Among other features, the site offers an opportunity to leave comments. "This has definitely been a labor of love," said Retzlaff, who retired this year as a Principal Lecturer in the Computer Science Department at the University of North Texas.
Here is a list of AM Broadcast Band clear channel stations by frequency in Canada, United States, Mexico and the Bahamas.
540 CBK Watrous, Saskatchewan
Try listening after 8:00 p.m. You might be surprised at how many you can hear. Good DXing.
Licensing: New Technician Class Question Pool Released
The NCVEC Question Pool Committee has released the new 2014-2018 Technician Class, Element 2, question pool to the public. This pool will take effect on July 1, 2014, and will remain valid until June 30, 2018. The current Technician question pool, released in 2010, is valid until June 30, 2014. -- Maria Somma, AB1FM, ARRL/VEC Manager
16 Boy Scouts Qualify For Their Radio Merit Badges
Sunday, November 3, 2013, JCARA conducted a 4 hour seminar that included the scout’s participation during a special JCARA Emergency Net called for Training.آ Sixteen scouts ages 11 to 15 years successfully completed all the required items in the Radio Merit Badge Workbook and qualified for the Radio Merit Badge.آ There were 53 items that had to be discussed and required the Boy Scout involvement in the BS Radio Merit Handbook. This included a QSO on the air involving Phonetics and Q-Signals.آ Eight JCARA Amateur Operators supported the net. آ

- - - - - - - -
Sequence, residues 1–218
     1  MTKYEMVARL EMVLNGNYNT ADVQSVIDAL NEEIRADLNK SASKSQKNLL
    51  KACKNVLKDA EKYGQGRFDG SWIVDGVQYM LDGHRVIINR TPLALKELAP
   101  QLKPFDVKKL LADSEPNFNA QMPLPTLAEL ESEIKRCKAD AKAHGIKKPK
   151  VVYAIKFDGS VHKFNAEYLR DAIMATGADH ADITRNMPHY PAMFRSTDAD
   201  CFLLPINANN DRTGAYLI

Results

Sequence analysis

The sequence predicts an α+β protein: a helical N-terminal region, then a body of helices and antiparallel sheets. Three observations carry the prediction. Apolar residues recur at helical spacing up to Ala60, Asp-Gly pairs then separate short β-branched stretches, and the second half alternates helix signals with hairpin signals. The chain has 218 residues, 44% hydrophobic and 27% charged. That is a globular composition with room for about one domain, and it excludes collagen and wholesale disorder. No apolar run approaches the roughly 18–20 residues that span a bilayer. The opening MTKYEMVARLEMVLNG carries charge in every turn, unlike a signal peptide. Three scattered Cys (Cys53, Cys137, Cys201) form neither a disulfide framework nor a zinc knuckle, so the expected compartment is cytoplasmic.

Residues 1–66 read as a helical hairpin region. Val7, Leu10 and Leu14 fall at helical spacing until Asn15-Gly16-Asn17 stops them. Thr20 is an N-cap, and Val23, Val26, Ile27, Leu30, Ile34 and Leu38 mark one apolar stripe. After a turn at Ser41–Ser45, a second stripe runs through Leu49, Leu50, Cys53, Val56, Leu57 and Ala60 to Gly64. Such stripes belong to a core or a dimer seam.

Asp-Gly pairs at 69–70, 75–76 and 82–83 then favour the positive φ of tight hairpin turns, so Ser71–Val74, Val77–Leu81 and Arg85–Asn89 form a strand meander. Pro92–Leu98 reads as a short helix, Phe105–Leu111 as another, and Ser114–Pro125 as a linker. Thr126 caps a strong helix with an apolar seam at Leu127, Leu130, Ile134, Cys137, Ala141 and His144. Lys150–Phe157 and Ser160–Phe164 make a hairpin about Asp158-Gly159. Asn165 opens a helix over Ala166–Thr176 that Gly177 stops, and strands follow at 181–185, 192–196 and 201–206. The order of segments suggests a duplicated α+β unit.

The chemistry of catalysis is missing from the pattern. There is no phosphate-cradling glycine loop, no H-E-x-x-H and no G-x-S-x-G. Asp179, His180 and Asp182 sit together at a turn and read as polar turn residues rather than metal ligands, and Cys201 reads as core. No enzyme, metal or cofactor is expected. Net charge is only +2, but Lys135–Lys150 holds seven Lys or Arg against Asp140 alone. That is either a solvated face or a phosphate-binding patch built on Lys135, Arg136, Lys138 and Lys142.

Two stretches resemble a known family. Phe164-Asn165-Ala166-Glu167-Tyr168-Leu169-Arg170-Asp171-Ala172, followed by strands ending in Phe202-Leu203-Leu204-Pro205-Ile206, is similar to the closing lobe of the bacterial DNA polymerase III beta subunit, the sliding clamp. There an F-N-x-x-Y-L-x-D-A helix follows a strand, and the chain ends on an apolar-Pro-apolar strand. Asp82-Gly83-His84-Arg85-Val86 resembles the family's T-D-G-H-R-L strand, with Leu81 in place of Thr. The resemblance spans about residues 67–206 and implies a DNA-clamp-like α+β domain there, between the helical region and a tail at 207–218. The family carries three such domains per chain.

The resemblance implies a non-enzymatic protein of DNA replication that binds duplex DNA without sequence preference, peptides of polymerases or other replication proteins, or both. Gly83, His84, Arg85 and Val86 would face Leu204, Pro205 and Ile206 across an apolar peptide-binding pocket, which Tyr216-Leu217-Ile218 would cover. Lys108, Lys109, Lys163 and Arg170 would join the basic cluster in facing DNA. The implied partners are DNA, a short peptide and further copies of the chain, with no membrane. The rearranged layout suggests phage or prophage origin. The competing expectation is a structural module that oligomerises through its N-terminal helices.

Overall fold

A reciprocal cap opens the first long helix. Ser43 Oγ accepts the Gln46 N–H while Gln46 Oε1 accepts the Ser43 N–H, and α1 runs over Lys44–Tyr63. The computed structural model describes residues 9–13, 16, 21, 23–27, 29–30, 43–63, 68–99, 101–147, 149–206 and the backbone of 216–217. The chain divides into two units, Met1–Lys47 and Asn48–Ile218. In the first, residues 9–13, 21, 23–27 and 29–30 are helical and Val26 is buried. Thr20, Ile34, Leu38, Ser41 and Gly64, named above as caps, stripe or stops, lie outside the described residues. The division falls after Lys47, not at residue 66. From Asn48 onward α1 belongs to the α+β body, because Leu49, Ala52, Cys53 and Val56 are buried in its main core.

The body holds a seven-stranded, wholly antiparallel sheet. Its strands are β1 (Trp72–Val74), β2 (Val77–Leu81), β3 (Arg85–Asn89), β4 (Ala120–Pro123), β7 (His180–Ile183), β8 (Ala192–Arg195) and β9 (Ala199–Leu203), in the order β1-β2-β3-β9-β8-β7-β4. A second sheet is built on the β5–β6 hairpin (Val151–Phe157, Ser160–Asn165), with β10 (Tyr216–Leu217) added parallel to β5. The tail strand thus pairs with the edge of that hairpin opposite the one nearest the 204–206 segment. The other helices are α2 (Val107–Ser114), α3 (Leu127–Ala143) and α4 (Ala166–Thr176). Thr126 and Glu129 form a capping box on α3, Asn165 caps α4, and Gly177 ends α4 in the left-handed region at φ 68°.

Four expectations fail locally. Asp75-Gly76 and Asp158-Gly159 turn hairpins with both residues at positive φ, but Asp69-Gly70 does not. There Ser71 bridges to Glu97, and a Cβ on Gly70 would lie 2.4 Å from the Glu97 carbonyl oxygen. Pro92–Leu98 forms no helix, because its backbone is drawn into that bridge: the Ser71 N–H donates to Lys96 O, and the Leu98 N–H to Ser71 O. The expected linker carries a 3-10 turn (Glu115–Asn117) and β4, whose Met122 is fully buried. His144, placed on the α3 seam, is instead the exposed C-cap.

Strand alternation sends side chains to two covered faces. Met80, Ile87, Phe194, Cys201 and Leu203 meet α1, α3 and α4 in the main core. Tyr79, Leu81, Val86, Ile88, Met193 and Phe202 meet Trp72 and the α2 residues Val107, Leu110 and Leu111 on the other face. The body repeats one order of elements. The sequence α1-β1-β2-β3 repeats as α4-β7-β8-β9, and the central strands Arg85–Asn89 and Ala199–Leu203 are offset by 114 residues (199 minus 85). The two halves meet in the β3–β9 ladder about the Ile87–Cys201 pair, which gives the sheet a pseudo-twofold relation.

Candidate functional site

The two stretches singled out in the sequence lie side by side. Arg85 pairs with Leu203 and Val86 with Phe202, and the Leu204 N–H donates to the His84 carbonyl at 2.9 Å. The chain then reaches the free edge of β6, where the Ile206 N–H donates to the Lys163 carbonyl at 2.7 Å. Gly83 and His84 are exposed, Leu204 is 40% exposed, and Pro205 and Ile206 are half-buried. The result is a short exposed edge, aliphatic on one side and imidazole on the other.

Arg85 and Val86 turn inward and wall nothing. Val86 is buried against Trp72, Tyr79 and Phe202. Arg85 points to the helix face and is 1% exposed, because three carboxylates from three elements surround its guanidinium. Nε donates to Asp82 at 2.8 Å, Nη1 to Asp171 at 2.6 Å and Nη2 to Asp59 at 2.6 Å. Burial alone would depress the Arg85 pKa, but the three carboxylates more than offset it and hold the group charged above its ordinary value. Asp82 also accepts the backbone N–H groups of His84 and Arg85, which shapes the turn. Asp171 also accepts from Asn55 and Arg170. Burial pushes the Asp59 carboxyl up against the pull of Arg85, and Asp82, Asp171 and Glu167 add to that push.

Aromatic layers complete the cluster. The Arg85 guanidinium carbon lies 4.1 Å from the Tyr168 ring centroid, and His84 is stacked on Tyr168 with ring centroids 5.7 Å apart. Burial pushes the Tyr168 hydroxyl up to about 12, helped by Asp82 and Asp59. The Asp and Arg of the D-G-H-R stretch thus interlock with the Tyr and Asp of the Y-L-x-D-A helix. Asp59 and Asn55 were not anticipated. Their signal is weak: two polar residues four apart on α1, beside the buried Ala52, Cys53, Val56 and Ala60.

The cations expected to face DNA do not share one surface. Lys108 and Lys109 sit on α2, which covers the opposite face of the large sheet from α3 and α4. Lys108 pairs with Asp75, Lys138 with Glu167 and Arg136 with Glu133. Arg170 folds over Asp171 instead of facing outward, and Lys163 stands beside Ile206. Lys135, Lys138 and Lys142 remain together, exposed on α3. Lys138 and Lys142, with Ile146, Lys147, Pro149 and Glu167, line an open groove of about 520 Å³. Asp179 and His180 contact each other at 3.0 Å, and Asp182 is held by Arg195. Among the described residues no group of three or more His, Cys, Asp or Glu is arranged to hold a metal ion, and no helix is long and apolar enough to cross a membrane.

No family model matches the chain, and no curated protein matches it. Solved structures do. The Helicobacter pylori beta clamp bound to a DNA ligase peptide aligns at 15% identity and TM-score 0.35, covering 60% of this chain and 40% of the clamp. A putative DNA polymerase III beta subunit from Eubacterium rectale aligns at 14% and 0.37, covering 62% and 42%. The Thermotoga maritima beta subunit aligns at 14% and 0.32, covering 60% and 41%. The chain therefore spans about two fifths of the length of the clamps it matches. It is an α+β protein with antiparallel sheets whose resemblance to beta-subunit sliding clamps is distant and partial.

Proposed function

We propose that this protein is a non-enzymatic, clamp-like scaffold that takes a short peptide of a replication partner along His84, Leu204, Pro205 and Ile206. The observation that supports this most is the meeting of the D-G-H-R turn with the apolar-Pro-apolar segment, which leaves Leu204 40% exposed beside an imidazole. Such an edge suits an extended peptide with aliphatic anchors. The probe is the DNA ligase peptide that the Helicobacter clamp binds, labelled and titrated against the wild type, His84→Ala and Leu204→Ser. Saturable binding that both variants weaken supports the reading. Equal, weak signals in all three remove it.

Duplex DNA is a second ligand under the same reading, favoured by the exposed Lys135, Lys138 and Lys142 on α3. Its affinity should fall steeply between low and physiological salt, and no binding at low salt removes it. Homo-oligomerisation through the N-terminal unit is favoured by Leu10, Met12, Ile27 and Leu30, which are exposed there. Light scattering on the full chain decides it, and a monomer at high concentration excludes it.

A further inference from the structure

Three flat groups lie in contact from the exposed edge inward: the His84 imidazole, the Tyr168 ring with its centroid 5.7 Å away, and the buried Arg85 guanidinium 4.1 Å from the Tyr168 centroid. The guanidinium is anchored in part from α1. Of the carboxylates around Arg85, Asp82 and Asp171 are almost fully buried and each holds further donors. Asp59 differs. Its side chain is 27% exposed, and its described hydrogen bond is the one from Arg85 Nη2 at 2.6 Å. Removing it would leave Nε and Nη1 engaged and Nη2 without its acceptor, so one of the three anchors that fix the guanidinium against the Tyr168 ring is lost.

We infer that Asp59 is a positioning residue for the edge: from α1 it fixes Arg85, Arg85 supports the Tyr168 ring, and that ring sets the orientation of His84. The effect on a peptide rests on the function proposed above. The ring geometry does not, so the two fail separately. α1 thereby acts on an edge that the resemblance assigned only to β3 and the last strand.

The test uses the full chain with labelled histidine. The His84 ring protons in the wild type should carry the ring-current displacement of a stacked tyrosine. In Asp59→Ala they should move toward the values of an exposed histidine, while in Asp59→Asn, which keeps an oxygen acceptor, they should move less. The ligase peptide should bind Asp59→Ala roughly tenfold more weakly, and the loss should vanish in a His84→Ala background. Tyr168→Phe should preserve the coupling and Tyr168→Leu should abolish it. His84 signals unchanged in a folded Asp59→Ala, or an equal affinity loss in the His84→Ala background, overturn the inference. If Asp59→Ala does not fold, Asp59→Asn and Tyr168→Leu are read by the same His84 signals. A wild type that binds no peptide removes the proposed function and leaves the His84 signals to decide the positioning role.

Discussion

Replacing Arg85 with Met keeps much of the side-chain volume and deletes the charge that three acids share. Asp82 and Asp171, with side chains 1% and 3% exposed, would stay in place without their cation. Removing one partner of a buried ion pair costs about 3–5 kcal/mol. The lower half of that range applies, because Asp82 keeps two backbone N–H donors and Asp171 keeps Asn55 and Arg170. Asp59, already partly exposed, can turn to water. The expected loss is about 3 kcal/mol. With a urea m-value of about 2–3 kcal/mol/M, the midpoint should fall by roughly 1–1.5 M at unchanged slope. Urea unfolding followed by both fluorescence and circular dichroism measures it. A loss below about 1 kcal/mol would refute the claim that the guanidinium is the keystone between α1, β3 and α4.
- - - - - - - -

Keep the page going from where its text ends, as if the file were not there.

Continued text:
I want to thank the eight Amateurs who supported the training net:آ
AF5AQ Richard, thanks for the use of your great portable 2 meter ground plane, AF5AQ Richard and N9RRI Chuck, thanks for directions, when someone moved St Martin high school on me.آ All in all a great day, one our club should be proud of!!
Round Island Lighthouse Special Event Is History
On Thursday morning, October 17, 2013, the Jackson County Amateur Radio Association and 599DXA members began preparing the Round Island Lighthouse Park in Pascagoula, MS for their "K5R" Special Event. This event was held from 00:00 UTC October 18 through 23:59 UTC October 20, 2013. To check out photos and additional information click here.
A Lovely Experience From Two Perspectives
Chuck and I were privileged to take part in the Round Island Lighthouse Reactivation Event this past weekend.آ I got some experience in working CW in a very interesting and challenging setting.آ Interesting?آ Yes!آ Making contacts with other hams from many different states, including my first DX on CW, in Ontario, Canada.آ Many signals were fairly clear, a few were very clear, and then there were some that were in the “mud.”آ What a challenge to dig them out, and what a thrill when I succeeded!آ I wanted to get all the pertinent info that I could, including call sign, name, state, and RST numbers (readability, signal strength and tone).آ The necessary information was imparted to them, concerning QSL information, and the fact that info at “www.qrz.com” was good.آ Sometimes, I wanted to stick the radio in my ear, to hear the signals correctly. I imagine we’ve all been there, when hearing a faint station.آ The challenging part was in two ways, and helped me in my concentration skills.
Valerie - N9RQX